The Magic Of Medals: Should You Go For Gold Or Are Wine Awards Just A Clever Marketing Ploy?

Wine shows
First of all, it’s worth remembering that not all wines produced in Australia are entered into wine shows – despite the proliferation of competitions (there are about 60 shows around the country), not all wineries choose to enter. Some winemakers prefer the public to judge their produce, not judges. Plus, wineries must have examples of current-vintage wines ready at the time of judging each year and often they simply can’t meet the deadline. So if a wine doesn’t have a medal, don’t assume it hasn’t performed well in a competition. It may never have been entered!
Secondly, not all wine shows are created equal. A wine with a Top 100 medal from the Sydney International Wine Show has been judged alongside food. A gold medal wine from a major capital city show has been judged with many others in its particular class – a fair sign that it fares well against many of its own kind. On the flip side, the amount of wines entered into some shows has become a point of contention among the industry – a large show can feature thousands of wines to be judged across several days, making the job of the judge profoundly hard when it comes to discerning the subtleties between each wine. Some say the full-flavoured, oak-driven wines dominate over the delicate, individualistic wines.
Each state’s Royal Agricultural Society runs its respective wine show, but there are also smaller, regional shows, like NSW’s Hunter Valley Semillon Show, showcasing wines that are renowned for that particular region. So if a Semillon from the Hunter region features a gold medal, you know that it has been judged against other high-quality Semillons from the area. There are also wine shows for particular varieties, such as the Great Australian Shiraz Challenge, and shows for particular regional conditions, like the International Cool Climate Wine Show.
How are the medals awarded?
Wines are awarded points for three specific attributes:

  • Up to 3 points for colour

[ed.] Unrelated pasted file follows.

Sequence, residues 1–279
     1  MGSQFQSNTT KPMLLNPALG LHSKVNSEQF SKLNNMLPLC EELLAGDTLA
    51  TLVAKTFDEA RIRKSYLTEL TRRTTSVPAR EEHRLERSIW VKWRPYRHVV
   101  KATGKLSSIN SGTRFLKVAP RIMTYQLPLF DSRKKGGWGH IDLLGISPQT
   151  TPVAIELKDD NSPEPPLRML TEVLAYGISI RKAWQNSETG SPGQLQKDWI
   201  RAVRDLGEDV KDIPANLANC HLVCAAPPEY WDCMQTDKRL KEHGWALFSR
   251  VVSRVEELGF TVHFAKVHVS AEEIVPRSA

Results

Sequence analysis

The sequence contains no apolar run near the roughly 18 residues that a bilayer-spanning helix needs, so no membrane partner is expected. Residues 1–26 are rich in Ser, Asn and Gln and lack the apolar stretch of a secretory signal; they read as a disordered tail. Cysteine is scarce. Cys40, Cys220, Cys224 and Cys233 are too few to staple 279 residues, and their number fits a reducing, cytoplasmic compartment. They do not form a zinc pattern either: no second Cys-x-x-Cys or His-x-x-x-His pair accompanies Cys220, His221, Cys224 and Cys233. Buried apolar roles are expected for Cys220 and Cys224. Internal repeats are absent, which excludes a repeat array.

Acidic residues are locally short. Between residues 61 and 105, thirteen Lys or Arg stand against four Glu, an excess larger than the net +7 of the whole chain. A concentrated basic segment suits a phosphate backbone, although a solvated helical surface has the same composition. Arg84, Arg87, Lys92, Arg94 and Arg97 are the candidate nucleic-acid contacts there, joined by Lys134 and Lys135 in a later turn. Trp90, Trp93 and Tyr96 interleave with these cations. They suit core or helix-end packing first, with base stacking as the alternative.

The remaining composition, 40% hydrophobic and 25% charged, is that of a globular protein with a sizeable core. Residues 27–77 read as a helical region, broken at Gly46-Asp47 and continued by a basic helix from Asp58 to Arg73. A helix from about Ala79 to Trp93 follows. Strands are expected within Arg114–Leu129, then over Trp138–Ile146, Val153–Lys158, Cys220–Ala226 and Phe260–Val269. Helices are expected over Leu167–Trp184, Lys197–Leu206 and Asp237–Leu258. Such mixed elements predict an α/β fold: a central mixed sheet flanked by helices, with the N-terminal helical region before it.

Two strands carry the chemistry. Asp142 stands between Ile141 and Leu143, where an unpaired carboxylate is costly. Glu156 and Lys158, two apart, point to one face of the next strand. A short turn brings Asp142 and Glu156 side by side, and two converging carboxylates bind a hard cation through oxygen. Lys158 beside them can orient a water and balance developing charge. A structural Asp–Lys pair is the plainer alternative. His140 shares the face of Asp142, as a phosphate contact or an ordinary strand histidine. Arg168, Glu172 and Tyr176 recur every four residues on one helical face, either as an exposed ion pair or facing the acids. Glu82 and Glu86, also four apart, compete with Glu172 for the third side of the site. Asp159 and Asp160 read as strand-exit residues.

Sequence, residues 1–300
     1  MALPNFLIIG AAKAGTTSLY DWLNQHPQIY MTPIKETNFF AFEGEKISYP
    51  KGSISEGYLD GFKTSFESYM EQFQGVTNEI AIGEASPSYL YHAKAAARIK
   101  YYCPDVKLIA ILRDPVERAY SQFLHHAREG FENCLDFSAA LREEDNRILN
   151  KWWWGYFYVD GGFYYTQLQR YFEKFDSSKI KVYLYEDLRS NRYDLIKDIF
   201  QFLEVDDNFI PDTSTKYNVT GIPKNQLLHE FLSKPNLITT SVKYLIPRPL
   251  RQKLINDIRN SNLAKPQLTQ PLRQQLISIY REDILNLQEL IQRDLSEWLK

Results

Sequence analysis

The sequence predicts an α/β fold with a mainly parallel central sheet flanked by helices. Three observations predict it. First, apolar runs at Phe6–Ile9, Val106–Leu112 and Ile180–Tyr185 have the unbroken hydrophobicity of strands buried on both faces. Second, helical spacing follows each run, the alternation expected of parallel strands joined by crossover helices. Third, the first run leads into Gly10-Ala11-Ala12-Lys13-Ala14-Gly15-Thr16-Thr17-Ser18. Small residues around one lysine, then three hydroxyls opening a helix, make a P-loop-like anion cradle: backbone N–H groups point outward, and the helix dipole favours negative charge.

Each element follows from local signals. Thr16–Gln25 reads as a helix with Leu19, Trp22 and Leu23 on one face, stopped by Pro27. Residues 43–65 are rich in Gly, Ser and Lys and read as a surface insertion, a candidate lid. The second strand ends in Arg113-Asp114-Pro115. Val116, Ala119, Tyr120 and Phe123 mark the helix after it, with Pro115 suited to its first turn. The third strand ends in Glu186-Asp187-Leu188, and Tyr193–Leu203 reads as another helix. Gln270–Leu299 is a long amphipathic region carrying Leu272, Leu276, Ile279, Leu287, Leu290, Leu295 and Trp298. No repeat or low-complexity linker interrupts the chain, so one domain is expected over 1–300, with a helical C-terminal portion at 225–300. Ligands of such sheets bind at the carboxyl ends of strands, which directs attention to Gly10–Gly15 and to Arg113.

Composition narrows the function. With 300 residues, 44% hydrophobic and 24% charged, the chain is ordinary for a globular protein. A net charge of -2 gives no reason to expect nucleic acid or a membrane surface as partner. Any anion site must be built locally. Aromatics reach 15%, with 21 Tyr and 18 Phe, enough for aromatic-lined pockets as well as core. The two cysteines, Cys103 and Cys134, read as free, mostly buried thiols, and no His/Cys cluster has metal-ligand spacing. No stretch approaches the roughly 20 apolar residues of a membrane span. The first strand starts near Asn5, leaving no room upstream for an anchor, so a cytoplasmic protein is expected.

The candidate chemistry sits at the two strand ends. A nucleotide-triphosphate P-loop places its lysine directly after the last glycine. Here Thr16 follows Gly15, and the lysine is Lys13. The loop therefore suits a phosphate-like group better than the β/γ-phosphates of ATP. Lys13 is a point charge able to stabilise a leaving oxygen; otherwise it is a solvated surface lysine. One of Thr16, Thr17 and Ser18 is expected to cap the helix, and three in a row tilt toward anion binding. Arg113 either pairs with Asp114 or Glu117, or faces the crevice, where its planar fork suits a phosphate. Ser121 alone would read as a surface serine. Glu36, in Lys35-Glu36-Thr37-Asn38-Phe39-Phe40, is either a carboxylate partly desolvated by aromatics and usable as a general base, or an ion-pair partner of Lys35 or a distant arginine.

• Up to 7 points for nose (aroma)
  • Up to 10 points for palate (flavour)

Then medals fit into the following categories:

  • 18.5-20 points – gold medal
  • 17.0-18.4 points – silver medal
  • 15.5-16.9 points – bronze medal

Generally, a gold medal signifies a high-quality wine within its class, especially a medal from a large capital city show. A silver medal is obviously a step down from gold – still good quality – but bronze typically signifies it’s of sound quality, something you would expect to purchase when you buy wine online or at any retail outlet.
What is a trophy?
If a wine is a trophy winner, it means that it has won a gold medal in a class of that show and has then been entered into the pool with other gold medal winners to compete for what is known as “best in show”. It is an outstanding wine compared to all the wines in that show – definitely one to look out for!
Show medals certainly play a role in helping the consumer measure quality when buying wine, but a medal is not the only factor to consider. If you’re not sure what a particular medal represents, Google the show or that particular wine – you’re sure to find reviews online.
Like all produce, beauty is in the eye of the beholder, or rather quality is on the taste buds of the drinker. Why not improve your wine-tasting skills so you can taste wine like an expert? Buy award-winning wine online today at GraysOnline.